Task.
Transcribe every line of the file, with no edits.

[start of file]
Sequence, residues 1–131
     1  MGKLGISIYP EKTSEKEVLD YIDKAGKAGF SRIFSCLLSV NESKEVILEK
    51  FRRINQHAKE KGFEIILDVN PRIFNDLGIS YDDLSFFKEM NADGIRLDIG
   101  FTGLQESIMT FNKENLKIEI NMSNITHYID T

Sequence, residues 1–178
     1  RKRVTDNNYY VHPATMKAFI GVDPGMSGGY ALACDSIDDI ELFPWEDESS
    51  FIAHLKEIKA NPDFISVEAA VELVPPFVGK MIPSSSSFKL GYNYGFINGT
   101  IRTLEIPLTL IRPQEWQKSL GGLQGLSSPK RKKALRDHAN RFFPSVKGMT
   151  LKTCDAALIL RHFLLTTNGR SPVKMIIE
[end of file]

Sequence, residues 1–131
     1  MGKLGISIYP EKTSEKEVLD YIDKAGKAGF SRIFSCLLSV NESKEVILEK
    51  FRRINQHAKE KGFEIILDVN PRIFNDLGIS YDDLSFFKEM NADGIRLDIG
   101  FTGLQESIMT FNKENLKIEI NMSNITHYID T

Sequence, residues 1–178
     1  RKRVTDNNYY VHPATMKAFI GVDPGMSGGY ALACDSIDDI ELFPWEDESS
    51  FIAHLKEIKA NPDFISVEAA VELVPPFVGK MIPSSSSFKL GYNYGFINGT
   101  IRTLEIPLTL IRPQEWQKSL GGLQGLSSPK RKKALRDHAN RFFPSVKGMT
   151  LKTCDAALIL RHFLLTTNGR SPVKMIIE